In her poem “Reconciliation, A Prayer,” former U.S. Poet Laureate and Muskogee Creek musician Joy Harjo wrote “All acts of kindness are lights in the war for justice.”
Indigenous women in music are fighting for justice through courageous acts of kindness. Here are six bright lights making powerful impacts with their art and activism.
1. Jayli Wolf (Saulteau)
Jayli Wolf’s EP, Wild Whisper, features her sultry voice over hypnotic alternative rock music. The 2022 Juno Award Winner draws on dark pop and trip-hop influences for her solo debut.
The haunting track “Child of the Government” confronts the painful legacy of the Canadian government and Catholic Church removing Indigenous children from their families. Forced into foster care, boarding schools and adoptions with non-Indigenous parents, they often suffered abuse and a loss of cultural identity. Wolf’s father was one of these children, and her song is a tribute to him.
This year, Wolf partnered with Your Voice is Power — an initiative that teaches computer science, entrepreneurship, and social justice to middle and high school students — who will remix songs provided by Indigenous artists.
2. Shawnee Kish (Mohawk)
Shawnee Kish’s soulful voice and strong pop instincts shine on her self-titled EP. The infectious single “Diagnosed Dissociative” explores mental health challenges with a sound reminiscent of Amy Winehouse. In her TEDx Talk, “Music is Medicine,” Kish shares “It was music that healed me. It was music that gave me purpose in life.”
In August, Kish partnered with winemaker Jackson-Triggs for their Celebrate with Pride campaign to raise money for LGBTQIA2S communities. She also supports the Indigenous youth advocacy group We Matter and children’s mental health resource Kids Help Phone.
3. Iskwē (Cree Métis)
Mesmerizing alt-rocker Iskwē’s recent release, Mother Love, is a roots-rock collaboration with Tom Wilson infused with blues and folk. Her last solo album, acākosīk (Cree for “the stars”), includes “Unforgotten,” a dramatic rock song with dark electronic tones, a driving beat, and otherworldly chants. She boldly affirms Indigenous resilience when she sings “We are the war that’s forgotten / We stand up tall on the other side / We are the nation of tomorrow / We are the children who are not afraid to die.”
On September 30, Iskwē will perform for the Truth and Reconciliation Concert at the Regent Theater in Ontario to raise funds and awareness for survivors of the Indigenous boarding schools in Canada. Shawnee Kish will join her for the show.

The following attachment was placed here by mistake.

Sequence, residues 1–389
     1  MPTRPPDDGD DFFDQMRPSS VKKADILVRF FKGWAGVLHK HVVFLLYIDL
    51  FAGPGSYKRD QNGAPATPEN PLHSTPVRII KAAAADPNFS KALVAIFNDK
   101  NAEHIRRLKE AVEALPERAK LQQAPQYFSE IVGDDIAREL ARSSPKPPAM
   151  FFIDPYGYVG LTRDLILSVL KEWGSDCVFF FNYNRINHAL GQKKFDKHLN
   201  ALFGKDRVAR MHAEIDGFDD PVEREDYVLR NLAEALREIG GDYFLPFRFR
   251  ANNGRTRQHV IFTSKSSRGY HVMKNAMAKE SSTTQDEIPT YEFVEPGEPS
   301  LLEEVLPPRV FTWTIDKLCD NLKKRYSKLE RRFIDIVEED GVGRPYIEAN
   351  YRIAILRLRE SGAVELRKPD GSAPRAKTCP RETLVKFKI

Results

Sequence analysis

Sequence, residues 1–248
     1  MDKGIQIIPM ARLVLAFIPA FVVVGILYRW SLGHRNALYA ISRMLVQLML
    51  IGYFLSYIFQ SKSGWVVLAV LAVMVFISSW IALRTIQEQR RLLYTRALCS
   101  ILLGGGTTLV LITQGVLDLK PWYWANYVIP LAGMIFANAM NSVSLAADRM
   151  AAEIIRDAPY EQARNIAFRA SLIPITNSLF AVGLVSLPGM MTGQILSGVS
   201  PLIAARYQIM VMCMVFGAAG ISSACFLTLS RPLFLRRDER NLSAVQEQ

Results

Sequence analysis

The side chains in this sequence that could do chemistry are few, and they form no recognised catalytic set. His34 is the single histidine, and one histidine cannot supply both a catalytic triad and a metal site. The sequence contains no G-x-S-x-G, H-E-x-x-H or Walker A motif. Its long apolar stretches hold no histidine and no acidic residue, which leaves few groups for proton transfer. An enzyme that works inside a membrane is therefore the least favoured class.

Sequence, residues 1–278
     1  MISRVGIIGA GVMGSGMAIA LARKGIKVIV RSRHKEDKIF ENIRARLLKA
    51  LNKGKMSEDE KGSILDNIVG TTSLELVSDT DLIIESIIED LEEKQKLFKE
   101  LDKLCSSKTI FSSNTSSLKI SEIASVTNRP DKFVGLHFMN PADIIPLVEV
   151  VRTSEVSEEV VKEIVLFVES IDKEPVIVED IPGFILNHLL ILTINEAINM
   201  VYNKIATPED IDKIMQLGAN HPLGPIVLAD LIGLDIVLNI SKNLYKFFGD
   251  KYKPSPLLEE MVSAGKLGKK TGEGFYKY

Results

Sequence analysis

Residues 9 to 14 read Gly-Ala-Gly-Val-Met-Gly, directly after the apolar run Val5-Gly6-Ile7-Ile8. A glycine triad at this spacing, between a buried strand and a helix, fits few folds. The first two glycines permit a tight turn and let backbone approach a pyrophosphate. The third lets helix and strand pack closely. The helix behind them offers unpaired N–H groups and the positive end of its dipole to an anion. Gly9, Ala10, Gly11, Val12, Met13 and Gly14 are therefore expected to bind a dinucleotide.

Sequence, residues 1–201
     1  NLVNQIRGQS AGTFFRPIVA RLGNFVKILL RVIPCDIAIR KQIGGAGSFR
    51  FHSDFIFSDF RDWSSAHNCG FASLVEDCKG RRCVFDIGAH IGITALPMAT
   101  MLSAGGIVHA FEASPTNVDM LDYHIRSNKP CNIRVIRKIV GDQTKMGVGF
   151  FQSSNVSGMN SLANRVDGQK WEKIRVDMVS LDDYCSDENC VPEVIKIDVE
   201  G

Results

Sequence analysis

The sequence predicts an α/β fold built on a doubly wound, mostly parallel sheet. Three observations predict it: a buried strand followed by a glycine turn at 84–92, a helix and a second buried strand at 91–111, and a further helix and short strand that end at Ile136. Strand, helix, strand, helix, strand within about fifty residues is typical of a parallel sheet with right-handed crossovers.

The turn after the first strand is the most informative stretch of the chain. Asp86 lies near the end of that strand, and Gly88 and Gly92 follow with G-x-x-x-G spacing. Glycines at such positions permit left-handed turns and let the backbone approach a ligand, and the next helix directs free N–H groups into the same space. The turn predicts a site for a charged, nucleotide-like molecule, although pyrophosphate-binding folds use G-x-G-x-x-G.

4. Elisapie (Inuk)
Elisapie offers her captivating intimate voice and sophisticated alternative folk songs on her critically acclaimed 2018 album, Ballad of a Runaway Girl. In April, she released the dreamy single “Ullatamaat” with the 1969 Collective. Exploring a range of sounds from indie rock to jazz, she sings in English, French and Inuktitut.
As an activist, Elisapie speaks out against systemic racism. On her Ingenious podcast, she interviewed artists such as legendary folk musician Buffy St. Marie, the first Indigenous woman to win an Academy Award. These vital conversations celebrate the creative genius of First Nations people.
5. Lido Pimienta (Afro-Indigenous Colombian, Wayuu)
Polaris Music Prize Winner Lido Pimienta creates lush Latin electronic pop inspired by her heritage. Her ethereal voice and intricate arrangements amplify her meditations on gender, motherhood, and identity.
On September 11, the Toronto International Film Festival premiered Pimienta’s new television series, LIDO TV — a playful, pastel-filled variety show exploring social justice topics, including colonialism and feminism.
6. Tanya Tagaq (Inuk)
Inuit throat singer and avant-garde performing artist Tanya Tagaq collaborated with Bjork on Medulla in 2004. This year, Tagaq dropped an eerie, forceful spoken word album, Tongues, produced by Saul Williams.
In her activism, Tagaq confronts the devastating epidemic of missing and murdered Indigenous women. On September 9, the Toronto International Film Festival premiered Ever Deadly, a documentary about her life and work.
With the primal sounds of a warrior, she howls her way through territories of injustice such as sexual violence, environmental degradation, and colonialism. Her ferocious voice transforms pain into power on tracks like “Tongues” as she sings “You can’t have my tongue / I don’t want your god / Put him down / I don’t want your shame.”